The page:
- The IRA has stopped terrorist activity. What is the merit of the Irish Catholic Church in it?

- I think there would be a number of senior clergy who first made possible the contacts between people on both sides. And those people, at times very courageously, built bridges between both sides so that confidence could be built up. This was an extremely important role that they played. Both Catholic and Protestant clergy. For example, even among the people who are in prison for terrorism and the prison chaplains helped some discussion there, which is extremely important because the terrorists in prison have a symbolic leadership role and if they don't agree the things will not proceed.

- You know well the examples of violence in your country. Today one of the problems that has international response is the problem of Kosovo. How would it be possible to reach peace between the Albanians and the Serbs there?

- I think that the only way forward for neighbors is to live together. And in today's world you can see that we can find new solutions which promise normal democracy and also protection for minorities. There is no way we can move forward in today's world without looking at those new creative ways to ensure that minorities can stay where they have been. We are never going to be able to achieve ethnically clean boundaries and it is a mark of the progress of civilization that we are able to integrate those two principals of the majority democracy and at the same time protection and not only protection but the authority of minorities. Churches can set out principals and ideas. You need also politicians who have the courage to take on the responsibility and to find the political solutions that are necessary. And this means rising above the traditions of the past attacks and looking toward a new open relationship with people. I think that it is almost the contradiction at times you find the young people are more intransigent then their parents and after the WW II the decisions were taken by farseeing leaders not to punish Germany but to integrate it. And the European ideal in that sense is quite a remarkable one. It is an ideal based on integration of people and it's important to learn from that. Returning to Ireland again, it's important to mention there would be greater economic integration and sharing economic prosperity. Divisions among people damage society, economy and lives.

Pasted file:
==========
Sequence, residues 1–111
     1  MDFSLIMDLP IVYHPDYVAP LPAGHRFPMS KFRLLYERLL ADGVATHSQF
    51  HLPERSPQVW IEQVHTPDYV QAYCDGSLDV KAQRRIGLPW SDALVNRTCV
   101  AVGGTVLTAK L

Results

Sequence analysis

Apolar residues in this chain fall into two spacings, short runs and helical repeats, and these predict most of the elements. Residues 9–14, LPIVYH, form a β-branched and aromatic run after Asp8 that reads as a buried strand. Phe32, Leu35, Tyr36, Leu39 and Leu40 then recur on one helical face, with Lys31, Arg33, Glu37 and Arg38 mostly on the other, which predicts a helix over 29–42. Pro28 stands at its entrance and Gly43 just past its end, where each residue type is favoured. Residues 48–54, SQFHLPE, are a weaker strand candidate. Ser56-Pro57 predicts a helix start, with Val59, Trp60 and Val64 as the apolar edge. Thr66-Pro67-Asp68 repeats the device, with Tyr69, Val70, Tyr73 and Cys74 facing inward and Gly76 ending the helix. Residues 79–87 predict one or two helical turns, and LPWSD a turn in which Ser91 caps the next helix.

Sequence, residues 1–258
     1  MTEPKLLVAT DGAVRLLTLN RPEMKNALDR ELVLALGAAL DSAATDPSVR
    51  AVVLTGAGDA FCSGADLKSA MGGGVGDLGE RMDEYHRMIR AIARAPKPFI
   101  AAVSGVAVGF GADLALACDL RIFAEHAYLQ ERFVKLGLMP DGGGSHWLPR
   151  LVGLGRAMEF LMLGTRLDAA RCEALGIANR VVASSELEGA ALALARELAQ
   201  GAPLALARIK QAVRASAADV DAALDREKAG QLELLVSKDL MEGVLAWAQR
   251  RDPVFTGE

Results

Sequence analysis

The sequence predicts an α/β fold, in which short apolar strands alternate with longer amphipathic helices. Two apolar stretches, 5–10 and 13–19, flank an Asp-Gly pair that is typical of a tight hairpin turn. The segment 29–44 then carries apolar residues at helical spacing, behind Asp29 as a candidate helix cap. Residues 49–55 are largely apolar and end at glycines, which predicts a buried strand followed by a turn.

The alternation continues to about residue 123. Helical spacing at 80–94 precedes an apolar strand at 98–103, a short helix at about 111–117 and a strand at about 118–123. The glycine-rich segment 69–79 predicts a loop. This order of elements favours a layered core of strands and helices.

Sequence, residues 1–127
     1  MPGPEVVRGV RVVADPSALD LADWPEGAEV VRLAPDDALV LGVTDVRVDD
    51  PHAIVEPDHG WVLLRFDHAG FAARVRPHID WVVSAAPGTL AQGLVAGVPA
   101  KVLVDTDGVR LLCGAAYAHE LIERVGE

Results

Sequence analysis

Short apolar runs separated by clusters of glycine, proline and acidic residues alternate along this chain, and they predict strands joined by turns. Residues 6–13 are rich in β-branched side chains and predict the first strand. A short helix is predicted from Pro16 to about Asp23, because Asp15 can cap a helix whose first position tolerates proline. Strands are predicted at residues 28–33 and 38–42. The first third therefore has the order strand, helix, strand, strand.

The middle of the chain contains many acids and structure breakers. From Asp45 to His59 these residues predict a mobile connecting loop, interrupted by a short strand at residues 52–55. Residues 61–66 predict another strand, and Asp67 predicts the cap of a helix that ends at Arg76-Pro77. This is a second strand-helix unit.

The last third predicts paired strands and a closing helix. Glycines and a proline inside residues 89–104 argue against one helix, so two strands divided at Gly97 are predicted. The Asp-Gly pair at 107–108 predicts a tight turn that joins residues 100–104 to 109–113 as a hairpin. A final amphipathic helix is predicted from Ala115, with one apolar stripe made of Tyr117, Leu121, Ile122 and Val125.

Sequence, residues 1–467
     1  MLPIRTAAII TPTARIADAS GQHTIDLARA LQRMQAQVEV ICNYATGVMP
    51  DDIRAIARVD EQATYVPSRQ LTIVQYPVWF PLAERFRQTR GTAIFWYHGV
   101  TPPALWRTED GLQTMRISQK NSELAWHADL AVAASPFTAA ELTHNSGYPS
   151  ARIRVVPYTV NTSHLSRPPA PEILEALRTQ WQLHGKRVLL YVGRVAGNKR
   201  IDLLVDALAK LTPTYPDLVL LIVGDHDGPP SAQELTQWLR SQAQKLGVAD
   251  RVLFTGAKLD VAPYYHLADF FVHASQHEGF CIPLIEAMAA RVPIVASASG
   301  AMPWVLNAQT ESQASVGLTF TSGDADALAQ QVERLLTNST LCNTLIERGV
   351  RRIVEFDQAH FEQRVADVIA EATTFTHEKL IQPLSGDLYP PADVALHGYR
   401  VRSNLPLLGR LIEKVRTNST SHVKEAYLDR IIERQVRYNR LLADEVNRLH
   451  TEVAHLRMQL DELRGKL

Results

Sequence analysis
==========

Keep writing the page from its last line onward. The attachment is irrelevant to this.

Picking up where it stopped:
- What is your impression of the Summit of Religious Leaders in Moscow?

- One of the good things about this meeting is that we sit in peacefully together, religious leaders from around the world and particularly from various parts of Europe. In religion, signs and symbols are often as important as words. And for me it's attractive that the meeting has taken place here, that there is such a wide representation of particularly Islamic communities from within the Russian Federation. Very often traditional interreligious meetings are very Western, and this one was not. It's a good sign that it has happened in Moscow. It is an important sign. I think Europe needs Russia. Europe without Russia would be an artificial Europe.